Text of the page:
Alistair McLeod STEWART

STEWART, Alistair McLeod, C.A.

Personal Data

Party
Co-operative Commonwealth Federation (C.C.F.)
Constituency
Winnipeg North (Manitoba)
Birth Date
October 2, 1905
Deceased Date
April 3, 1970
Website
http://en.wikipedia.org/wiki/Alistair_Stewart
PARLINFO
http://www.parl.gc.ca/parlinfo/Files/Parliamentarian.aspx?Item=c10e3486-b954-4a50-b28f-1e4e6b0b944d&Language=E&Section=ALL
Profession
chartered accountant

Parliamentary Career

June 11, 1945 - April 30, 1949
CCF
  Winnipeg North (Manitoba)
June 27, 1949 - June 13, 1953
CCF
  Winnipeg North (Manitoba)
August 10, 1953 - April 12, 1957
CCF
  Winnipeg North (Manitoba)
June 10, 1957 - February 1, 1958
CCF
  Winnipeg North (Manitoba)

Most Recent Speeches (Page 228 of 228)


June 14, 1945

Mr. STEWART:

It is very obvious. Go to any employment exchange and you will see evidences of it. Talk to the workers, and they will tell you. You can get jobs at thirty-five or forty cents an hour, but nobody can afford to work at that.

Topic:   HOUSING
Subtopic:   EXTERNAL AFFAIRS
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June 14, 1945

Mr. STEWART:

I want to see the workers of Canada get a living wage and some security. We will not stop until we get that. That should be the policy of the government, because it is one of the promises which was held out to the workers. The \vorkers in the packing houses are asking for a forty-hour week and thirty per cent increase in pay, so that they would get the same wage for a forty-hour week as they are now getting for a forty-eight hour week. Wages in the packing houses are not high, and the conditions in some departments are dreadful. I do not know whether hon. members have been through the packing houses and have seen the conditions under which these men work, often wading through blood and dirt. Have they seen the workers in these shops travelling from sub-zero to almost tropical temperatures in different rooms, day after day? Here is an industry that seriously impairs the health of the worker. It is all very well thinking in terms of an hourly wage, but after all that is not the way to think of those engaged in these jobs. You must think of them in terms of an annual wage, and then ask how long such men will be able to carry on in the packing house industry. As a matter of fact, a man of fifty is pretty well through because the severity of the work in the packing plant is such that he cannot carry on after that age.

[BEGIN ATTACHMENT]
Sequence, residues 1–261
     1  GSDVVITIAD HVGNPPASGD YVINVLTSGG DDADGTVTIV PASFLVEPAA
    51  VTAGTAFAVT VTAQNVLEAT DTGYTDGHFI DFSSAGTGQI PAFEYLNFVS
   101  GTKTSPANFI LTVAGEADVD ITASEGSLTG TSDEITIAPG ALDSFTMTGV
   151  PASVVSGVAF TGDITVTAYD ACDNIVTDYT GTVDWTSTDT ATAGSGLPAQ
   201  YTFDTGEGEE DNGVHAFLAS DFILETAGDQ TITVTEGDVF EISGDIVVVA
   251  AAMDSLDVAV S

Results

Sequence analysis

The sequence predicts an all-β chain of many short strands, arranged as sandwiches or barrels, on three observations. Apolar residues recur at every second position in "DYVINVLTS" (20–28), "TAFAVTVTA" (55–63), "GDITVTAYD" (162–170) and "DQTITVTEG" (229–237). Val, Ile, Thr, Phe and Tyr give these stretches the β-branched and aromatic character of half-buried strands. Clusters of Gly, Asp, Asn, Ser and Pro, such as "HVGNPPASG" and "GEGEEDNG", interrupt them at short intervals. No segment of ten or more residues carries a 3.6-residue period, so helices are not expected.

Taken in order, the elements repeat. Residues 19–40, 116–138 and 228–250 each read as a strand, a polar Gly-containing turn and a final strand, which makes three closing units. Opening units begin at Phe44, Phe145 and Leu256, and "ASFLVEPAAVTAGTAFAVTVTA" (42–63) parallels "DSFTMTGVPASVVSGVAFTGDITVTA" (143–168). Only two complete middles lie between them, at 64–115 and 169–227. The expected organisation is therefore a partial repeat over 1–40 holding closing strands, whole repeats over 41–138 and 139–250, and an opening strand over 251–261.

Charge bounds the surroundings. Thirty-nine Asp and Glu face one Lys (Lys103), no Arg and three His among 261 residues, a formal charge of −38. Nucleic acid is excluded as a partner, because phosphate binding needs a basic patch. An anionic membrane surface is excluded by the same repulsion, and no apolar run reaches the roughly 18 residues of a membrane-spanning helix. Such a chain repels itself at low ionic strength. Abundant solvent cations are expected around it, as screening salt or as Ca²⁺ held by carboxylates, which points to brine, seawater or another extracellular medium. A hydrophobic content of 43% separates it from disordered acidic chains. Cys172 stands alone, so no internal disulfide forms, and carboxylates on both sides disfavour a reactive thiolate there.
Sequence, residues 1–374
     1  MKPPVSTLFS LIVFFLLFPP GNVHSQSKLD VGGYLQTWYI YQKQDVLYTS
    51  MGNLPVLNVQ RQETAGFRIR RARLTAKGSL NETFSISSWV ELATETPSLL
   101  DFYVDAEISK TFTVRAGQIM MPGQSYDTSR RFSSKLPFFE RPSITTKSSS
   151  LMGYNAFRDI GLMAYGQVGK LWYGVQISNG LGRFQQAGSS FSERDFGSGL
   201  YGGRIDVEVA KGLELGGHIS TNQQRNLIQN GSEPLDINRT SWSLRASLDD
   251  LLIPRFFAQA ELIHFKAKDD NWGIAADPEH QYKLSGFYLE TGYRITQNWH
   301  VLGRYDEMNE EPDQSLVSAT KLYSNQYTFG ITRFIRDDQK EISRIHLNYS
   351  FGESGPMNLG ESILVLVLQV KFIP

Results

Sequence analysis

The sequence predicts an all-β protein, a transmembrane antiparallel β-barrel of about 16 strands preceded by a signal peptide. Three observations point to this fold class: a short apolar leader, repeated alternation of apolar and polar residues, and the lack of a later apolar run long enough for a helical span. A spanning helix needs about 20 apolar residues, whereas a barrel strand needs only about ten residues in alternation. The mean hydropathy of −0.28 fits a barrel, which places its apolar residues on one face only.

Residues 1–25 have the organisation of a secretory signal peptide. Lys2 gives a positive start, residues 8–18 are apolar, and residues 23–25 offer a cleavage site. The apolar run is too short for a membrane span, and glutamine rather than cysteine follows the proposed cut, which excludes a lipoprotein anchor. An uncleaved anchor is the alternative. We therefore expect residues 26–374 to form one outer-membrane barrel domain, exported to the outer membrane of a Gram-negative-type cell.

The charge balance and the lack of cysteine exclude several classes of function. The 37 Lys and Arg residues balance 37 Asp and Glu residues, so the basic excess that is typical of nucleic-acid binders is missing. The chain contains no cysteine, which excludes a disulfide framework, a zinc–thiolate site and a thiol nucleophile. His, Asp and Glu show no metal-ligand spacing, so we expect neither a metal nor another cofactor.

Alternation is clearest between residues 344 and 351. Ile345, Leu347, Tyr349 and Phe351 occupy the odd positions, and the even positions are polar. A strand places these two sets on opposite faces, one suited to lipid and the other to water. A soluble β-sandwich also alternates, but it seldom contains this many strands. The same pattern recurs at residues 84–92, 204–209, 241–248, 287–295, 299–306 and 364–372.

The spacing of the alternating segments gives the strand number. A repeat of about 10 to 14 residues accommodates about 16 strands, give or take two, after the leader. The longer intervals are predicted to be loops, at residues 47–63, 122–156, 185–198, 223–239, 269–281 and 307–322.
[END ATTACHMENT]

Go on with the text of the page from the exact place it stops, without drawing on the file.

These men are asking for some improvement in conditions, some hope of security from the government, and they are not holding anybody up. I may tell the government now, and they know it as well as I do, that there is going to be a strike in this industry unless they get busy and bring down a policy which will suit the workers throughout the country. The workers do not want very much. They want union security and reduced hours of work, they want decent working conditions and incomes on which they and their

families can live in comfort. These are the minimum demands of those who have been producing to win the war, of those whose sons died to win the war. They are the minimum demands of the workers of Canada, and the workers are going to get them, or they and their brothers who are coming out of the services are going to know the reason why.

Topic:   HOUSING
Subtopic:   EXTERNAL AFFAIRS
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